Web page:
Matt looks at Hemichromis sp. Bangui currently on sale at specialist stores under the name Hemichromis sp. Congo.
Scientific name: Hemichromis sp. Bangui
Origin: Believed to be imported from the Democratic Republic of Congo, West Africa, and presumably from Bangui, the capital city of the Central African Republic. Bangui is on the banks of the River Ubangi below a series of rapids that limit the range of many fish species.
Size: A small species reaching around 8cm/3\".
Diet: Frozen bloodworms, daphnia and brineshrimp, as well as dried foods. Wild Hemichromis typically feed on insects and crustaceans.
Water: Preferably soft, acidic water, however, most Hemichromis are adaptable and will spawn in harder water.
Aquarium: This small species is said to be relatively placid, for the genus. It\'s best kept in a species tank, though. A pair will need a tank of 75cm/30\" or larger. Furnish the tank well with bogwood and rocks as Hemichromis are often found near thickets of reeds and aquatic plants and seem to appreciate shelter. Most species are easy to keep, but even the placid ones need to be watched closely if you mix them with other fish.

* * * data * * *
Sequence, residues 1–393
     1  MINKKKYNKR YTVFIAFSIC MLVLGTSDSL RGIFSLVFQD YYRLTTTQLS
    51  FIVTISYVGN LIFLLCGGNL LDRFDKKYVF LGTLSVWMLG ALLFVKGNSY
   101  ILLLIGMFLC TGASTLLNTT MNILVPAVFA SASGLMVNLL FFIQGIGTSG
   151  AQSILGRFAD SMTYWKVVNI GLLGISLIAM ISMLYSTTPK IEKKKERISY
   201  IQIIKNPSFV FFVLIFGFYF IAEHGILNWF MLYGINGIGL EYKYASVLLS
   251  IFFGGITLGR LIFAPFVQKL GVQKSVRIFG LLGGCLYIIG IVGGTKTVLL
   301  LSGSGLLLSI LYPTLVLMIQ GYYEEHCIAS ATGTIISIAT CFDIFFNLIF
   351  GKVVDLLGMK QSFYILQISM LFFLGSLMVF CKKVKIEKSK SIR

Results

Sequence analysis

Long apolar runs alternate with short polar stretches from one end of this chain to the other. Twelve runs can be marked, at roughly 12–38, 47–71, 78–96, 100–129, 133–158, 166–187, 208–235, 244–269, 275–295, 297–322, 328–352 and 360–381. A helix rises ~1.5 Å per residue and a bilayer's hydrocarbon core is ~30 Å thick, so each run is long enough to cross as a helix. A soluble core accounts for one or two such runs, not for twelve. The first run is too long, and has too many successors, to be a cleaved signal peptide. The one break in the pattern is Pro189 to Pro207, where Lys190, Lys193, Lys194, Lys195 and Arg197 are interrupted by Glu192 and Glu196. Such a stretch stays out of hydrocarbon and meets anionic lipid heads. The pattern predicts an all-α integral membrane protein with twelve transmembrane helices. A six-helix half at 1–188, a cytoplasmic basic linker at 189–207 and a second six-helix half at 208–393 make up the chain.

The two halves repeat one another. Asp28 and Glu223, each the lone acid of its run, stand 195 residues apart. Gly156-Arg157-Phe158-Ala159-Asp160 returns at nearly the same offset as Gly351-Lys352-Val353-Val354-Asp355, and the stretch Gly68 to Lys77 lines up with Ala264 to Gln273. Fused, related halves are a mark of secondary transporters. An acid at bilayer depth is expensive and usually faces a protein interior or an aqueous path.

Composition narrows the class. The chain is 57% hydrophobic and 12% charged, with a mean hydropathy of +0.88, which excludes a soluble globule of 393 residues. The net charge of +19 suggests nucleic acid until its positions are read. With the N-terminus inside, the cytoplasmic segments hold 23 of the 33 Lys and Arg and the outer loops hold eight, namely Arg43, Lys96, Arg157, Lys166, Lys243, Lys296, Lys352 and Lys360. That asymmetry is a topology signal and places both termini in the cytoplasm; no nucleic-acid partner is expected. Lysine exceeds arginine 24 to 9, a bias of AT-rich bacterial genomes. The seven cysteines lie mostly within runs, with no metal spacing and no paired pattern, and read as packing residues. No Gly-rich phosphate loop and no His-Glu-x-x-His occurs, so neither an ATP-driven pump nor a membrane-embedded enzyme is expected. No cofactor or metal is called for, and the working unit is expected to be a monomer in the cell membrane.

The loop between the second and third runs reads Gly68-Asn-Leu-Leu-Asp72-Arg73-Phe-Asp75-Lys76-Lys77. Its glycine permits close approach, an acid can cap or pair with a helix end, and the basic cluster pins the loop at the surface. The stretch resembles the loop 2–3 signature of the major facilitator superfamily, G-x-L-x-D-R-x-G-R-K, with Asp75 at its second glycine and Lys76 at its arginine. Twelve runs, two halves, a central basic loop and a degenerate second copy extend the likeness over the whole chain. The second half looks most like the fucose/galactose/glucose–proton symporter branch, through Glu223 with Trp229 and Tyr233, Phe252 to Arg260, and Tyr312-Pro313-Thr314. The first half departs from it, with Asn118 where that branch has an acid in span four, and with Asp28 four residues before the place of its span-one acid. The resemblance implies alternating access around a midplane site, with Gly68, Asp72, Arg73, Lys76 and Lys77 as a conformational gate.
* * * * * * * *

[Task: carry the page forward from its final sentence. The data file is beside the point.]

Identification: I asked Hemichromis expert Randall Kohn for his opinion on the identity of these fish which were imported under the name Hemichromis sp. \"Congo\". Randall said: \"Looking at the photos, and assuming that these specimens are indeed from the DRC, they may be what is commonly called in the hobby Hemichromis sp. \"Bangui\". The Bangui Hemichromis is a smaller, better behaved species that is more conducive to a community cichlid setting than congeners. Males commonly exhibit reddish coloration laterally on the middle part of the body, while the dorsal and ventral parts are more beige. The opercular blotch is surrounded by reddish coloration as well, especially anteriorly.\" Randall says that Dr Anton Lamboj has suggested that the species may be a form of guttatus, but Randall says that it differs from the description of this species given in Loiselle\'s paper. He says further analysis is needed to determine whether this is a new species or an existing one. Randall believes that further analysis might show that H. sp. \"Bangui\" is a population of H. letourneuxi. Indeed, the museum records I have checked show that letourneuxi has been collected from the Ubangi at Bangui, which given the trade name of the species seems the likely collection locality of this fish.
Availability: These fish were photographed at Wharf Aquatics in Nottinghamshire (01773 861255). The species is being produced for the aquarium trade by breeders in the Czech Republic.
Price: On sale for 18.
This article was first published in the September 2006 issue of Practical Fishkeeping magazine.